Writing a steady stream of content for your website or blog can get monotonous, discouraging, even overwhelming. You must come up with new topics, add
insights that bring value to the conversation, and write so your content ranks in the search engines.
Content creation shows no signs of slowing down. According to the Content Marketing Institute’s 2015 B2B Content Marketing report, 70
percent of businesses say they’ll ramp up content creation in 2016.
recently released their 2015 Search Ranking Factors report,
offering insights into how to write and structure content for best rankings. If you spend time and money in your content strategy, make sure your content
ranks. Here’s how:
1. Word count
Optimal word count is a tricky subject. Because more content is created for mobile users, short-form content is increasingly important. The problem: It’s
difficult for this content to get high rankings on desktop searches, which favors longer copy.
According to Buffer, 1,600 words taking six minutes to read is the
ideal length for a blog post. The folks at Medium found
that blog posts taking seven minutes to read had the best chance of ranking. This also works out to about 1,600 words.
According to Searchmetrics, Google shows a preference for longer content, even more than in 2014. It found the word count for pages in the top 30 search
results averaged 1,140. This number was higher for the top 10 results, averaging 1,285.
But the report authors warn against writing longer content to enjoy better rankings. It must provide valuable insights, or it won’t rank, regardless of its
When writing content, cover all aspects of your topic. Know what’s been written on the subject, then do a better job than everyone else. If you do this,
you needn’t get hung up on word count. Comprehensive quality posts will be at least 1,000 words—usually longer.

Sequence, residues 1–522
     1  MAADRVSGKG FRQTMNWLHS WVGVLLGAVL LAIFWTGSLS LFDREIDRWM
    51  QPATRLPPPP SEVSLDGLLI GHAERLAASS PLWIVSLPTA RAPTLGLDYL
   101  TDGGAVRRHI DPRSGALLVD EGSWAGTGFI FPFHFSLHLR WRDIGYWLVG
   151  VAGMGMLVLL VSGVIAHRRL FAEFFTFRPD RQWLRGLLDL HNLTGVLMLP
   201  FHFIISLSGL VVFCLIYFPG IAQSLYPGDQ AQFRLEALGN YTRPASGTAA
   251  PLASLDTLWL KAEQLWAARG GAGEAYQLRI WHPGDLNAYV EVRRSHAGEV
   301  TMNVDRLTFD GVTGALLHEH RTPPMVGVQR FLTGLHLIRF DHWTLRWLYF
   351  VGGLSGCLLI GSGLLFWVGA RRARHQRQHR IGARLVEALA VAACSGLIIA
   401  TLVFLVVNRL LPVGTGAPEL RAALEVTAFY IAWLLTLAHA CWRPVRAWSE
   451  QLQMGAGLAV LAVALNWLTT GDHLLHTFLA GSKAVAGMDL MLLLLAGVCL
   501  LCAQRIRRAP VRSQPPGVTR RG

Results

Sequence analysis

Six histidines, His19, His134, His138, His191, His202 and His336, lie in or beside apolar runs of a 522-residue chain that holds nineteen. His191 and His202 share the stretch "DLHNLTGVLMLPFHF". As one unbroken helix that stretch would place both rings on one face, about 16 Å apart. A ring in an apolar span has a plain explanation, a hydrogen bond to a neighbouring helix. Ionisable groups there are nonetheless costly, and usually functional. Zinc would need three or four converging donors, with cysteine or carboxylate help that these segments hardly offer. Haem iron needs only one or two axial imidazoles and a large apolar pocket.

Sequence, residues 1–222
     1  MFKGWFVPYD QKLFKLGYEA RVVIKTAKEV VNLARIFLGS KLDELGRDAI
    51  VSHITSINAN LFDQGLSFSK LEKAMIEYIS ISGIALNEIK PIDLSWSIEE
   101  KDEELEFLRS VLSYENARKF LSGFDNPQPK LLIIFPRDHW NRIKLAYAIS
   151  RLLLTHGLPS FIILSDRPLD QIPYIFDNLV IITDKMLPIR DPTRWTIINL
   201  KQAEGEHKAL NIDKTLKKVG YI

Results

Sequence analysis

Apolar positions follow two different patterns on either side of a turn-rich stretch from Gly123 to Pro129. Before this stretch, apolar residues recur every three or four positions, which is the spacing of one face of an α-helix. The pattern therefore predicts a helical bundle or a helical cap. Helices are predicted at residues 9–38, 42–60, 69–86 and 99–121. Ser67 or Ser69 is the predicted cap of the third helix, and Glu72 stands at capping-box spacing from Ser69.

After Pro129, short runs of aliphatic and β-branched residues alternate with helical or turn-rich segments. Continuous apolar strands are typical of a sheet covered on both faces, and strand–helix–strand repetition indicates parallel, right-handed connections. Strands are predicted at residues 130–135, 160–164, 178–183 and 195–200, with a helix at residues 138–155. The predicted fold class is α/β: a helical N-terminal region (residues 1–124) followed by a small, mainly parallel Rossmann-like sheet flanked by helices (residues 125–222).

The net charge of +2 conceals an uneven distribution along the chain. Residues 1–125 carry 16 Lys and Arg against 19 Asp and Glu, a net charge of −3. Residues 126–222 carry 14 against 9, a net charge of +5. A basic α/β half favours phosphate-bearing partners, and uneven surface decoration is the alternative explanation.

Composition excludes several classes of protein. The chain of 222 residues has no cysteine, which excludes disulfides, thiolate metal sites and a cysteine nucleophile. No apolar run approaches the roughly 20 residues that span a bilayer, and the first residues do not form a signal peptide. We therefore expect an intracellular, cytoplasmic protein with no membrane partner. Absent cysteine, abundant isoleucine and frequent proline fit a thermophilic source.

2. Keywords in description
The meta description, a technical component rather than pure content, must figure in your ranking strategy. Your description acts as your ad copy in the
search engine, and can significantly affect your click-through rates.
Searchmetrics says a meta description attached to your content improves your chances of ranking. Of the top 30 highest ranking pages, 99 percent had a meta
What about keywords? Is it old-school to incorporate our keywords into our description? Keywords in the description are no longer as important for ranking;
their number continues to fall. In fact, the correlation between rankings and keywords in the description is now negative. But don’t forget keywords yet.
Searchmetrics says it best:
“Good pages get rankings for hundreds or even thousands of keywords—but do you want to write them all into your meta title? Forget it – concentrate on an
optimally formulated description with relevant content instead!”
3. Keywords in body
While plug-ins like Yoast SEO provide structure for your SEO, they propagate the
old-school idea that you must have x-number of keywords in your copy to rank. And, you’ve probably seen overused keywords lead to clumsy, over-optimized
The importance of keywords for ranking continues to decrease. Minimum keyword density and placement within content (e. g., in the first sentence of a post)
are no longer so important, as Google gets better at deciphering content.
True, Searchmetrics found that the number of keywords within top-ranking pages increased this year, likely due more to the increased word count in
top-ranking pages, than keywords becoming more important in ranking.